Stem Cells, Cancer & Me
John McNamara is a tenacious man. He held his own through fatherhood decades in the workplace and service in the Korean War but the supreme challenge of his life began with the words “‘Your blood work shows the possibility of cancer.’” Daily concerns evaporate with the assumption of Patient Status. An illness-fighting strategy of information immersion rather than denial makes a big difference as do efforts of the memoirist’s supportive wife Marian and adult children who make many flights to North Carolina. McNamara is process-focused. He researches listens and notes all relevant facts. He picks up the specialized lingo of treatment professionals. An autologous stem cell transplant using pre-chemo harvested bone marrow was the biological foundation of his program.
Cancer treatment is loaded with unavoidable waits: exam rooms open slowly intravenous solutions drip through the hours. The science of procedures is explained in understandable laymen’s terms. Removing the mystery from medicine reduces the attendant fear. McNamara notes that chemotherapy’s notorious side-effects have relatively lessened though he describes with folksy flair one intensely negative session: “…as if the devil had taken over my being and body and used it to test auto accidents.”
This was the recent struggle of a highly social retiree and a joiner of several charities. In 2006 McNamara finished five years as the elected Post Commander for the VFW in Dunn North Carolina. He and Marian whom he refers to in laudable terms and praises as an outstanding “Caregiver” are transplants from New England. Married over forty years they appreciate each other’s quirks and individual ways. Both McNamaras hate their clock radio’s loud rock music but they never oversleep. After weeks languishing in transplant recovery the memoirist takes pleasure in signs of home. He creates a strong visual impression of Marian: “She was sipping her favorite morning elixir of life coffee puffing on Lark 100s and reading her author of choice Danielle Steele.”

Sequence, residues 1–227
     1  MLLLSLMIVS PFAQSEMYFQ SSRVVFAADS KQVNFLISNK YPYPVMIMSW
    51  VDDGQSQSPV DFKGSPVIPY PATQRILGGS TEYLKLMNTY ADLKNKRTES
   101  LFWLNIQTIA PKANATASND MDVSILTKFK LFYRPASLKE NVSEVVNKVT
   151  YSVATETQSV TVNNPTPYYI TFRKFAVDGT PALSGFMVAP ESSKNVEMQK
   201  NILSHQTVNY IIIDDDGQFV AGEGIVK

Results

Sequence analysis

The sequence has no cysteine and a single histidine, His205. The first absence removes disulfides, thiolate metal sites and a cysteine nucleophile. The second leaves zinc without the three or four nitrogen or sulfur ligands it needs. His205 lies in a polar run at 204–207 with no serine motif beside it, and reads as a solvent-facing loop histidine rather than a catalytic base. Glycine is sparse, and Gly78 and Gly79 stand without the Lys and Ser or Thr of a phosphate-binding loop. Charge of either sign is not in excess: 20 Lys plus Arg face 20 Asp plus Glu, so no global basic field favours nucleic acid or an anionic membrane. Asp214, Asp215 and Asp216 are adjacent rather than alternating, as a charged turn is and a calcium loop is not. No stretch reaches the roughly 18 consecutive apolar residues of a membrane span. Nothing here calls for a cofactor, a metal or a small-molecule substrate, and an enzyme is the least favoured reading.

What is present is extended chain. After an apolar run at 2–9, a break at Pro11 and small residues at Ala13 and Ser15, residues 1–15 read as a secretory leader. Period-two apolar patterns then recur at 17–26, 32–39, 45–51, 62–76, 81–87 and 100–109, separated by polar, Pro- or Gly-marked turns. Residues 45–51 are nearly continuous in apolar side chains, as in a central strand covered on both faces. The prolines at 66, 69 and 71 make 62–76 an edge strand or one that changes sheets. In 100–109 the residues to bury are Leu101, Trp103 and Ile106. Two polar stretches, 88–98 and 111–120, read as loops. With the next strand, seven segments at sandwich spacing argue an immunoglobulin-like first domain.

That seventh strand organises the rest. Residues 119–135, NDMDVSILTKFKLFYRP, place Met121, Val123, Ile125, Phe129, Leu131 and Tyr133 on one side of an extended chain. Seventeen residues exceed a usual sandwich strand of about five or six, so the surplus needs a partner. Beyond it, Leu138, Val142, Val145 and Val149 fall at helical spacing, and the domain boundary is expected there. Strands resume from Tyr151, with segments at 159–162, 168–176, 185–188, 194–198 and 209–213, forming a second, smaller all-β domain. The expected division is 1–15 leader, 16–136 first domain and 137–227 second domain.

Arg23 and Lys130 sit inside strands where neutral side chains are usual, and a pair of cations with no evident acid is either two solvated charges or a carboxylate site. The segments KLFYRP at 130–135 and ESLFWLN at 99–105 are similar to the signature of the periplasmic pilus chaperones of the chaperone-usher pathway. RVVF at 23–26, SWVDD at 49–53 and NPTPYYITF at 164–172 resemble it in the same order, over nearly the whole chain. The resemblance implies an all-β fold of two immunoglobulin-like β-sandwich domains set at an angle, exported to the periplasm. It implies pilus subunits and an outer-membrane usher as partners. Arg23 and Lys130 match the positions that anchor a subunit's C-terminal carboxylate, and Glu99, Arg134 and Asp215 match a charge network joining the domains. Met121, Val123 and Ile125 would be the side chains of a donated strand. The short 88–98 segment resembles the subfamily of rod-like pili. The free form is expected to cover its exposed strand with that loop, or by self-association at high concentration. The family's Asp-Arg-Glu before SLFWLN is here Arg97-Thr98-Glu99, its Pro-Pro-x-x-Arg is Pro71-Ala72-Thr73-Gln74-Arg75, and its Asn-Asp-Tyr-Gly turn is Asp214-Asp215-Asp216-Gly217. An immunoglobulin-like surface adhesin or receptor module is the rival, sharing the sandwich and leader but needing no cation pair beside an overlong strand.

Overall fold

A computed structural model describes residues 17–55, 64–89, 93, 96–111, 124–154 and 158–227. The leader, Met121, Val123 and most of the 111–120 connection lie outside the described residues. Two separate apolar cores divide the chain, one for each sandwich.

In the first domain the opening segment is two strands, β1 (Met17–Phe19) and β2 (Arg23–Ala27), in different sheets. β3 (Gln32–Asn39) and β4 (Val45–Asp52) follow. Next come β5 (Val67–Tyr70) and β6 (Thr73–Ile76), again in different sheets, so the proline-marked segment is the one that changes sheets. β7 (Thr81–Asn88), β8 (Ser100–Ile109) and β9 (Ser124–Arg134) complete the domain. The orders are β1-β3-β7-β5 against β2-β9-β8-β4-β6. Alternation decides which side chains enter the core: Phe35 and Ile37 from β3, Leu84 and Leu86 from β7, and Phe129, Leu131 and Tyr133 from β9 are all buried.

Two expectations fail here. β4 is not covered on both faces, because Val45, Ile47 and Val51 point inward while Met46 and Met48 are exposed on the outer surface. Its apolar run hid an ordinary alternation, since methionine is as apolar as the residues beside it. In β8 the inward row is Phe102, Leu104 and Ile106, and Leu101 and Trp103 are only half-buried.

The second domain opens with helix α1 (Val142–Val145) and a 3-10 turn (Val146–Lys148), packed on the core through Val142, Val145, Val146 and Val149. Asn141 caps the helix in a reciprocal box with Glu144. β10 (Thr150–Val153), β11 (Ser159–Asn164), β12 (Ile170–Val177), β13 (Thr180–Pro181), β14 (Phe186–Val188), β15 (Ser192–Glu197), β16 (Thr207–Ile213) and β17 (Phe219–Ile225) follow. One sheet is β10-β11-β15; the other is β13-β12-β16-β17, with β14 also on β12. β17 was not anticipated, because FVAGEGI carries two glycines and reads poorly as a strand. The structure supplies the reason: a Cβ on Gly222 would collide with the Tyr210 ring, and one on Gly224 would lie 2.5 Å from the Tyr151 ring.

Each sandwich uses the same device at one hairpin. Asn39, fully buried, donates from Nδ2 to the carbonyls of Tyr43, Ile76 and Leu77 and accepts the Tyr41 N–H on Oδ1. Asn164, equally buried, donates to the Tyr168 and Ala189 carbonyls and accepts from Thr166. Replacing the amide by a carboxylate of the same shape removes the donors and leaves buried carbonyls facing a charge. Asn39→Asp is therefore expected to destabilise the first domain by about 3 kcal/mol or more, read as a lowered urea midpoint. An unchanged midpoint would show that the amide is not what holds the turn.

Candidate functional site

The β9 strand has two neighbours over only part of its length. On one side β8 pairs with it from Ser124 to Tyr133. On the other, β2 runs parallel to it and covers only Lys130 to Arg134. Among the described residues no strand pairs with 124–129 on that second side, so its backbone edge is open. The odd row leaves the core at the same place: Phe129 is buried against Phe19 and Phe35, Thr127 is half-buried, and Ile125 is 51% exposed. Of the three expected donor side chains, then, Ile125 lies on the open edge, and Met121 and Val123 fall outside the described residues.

Attention to the least detail can save a patient’s life—no other single individual can know as much about the case particulars of a patient being treated in multiple hospital facilities than the patient themselves. Meticulous notes and active interest are extensions of the immune system. That sort of precision can be a detriment however to the flow of personal narrative. It’s overkill to mention which level of a parking garage one parked on or the exact measure of orange juice a given breakfast featured in 2001. The flipside of the issue is the utter confidence that no medical fact of importance passed undocumented. Stem Cells Cancer & Me is a line-item roadmap of what to expect next from the acceptance of unwelcome news to the triumphant milestone of release. Those facing a similar battle can certainly ready themselves with this book.
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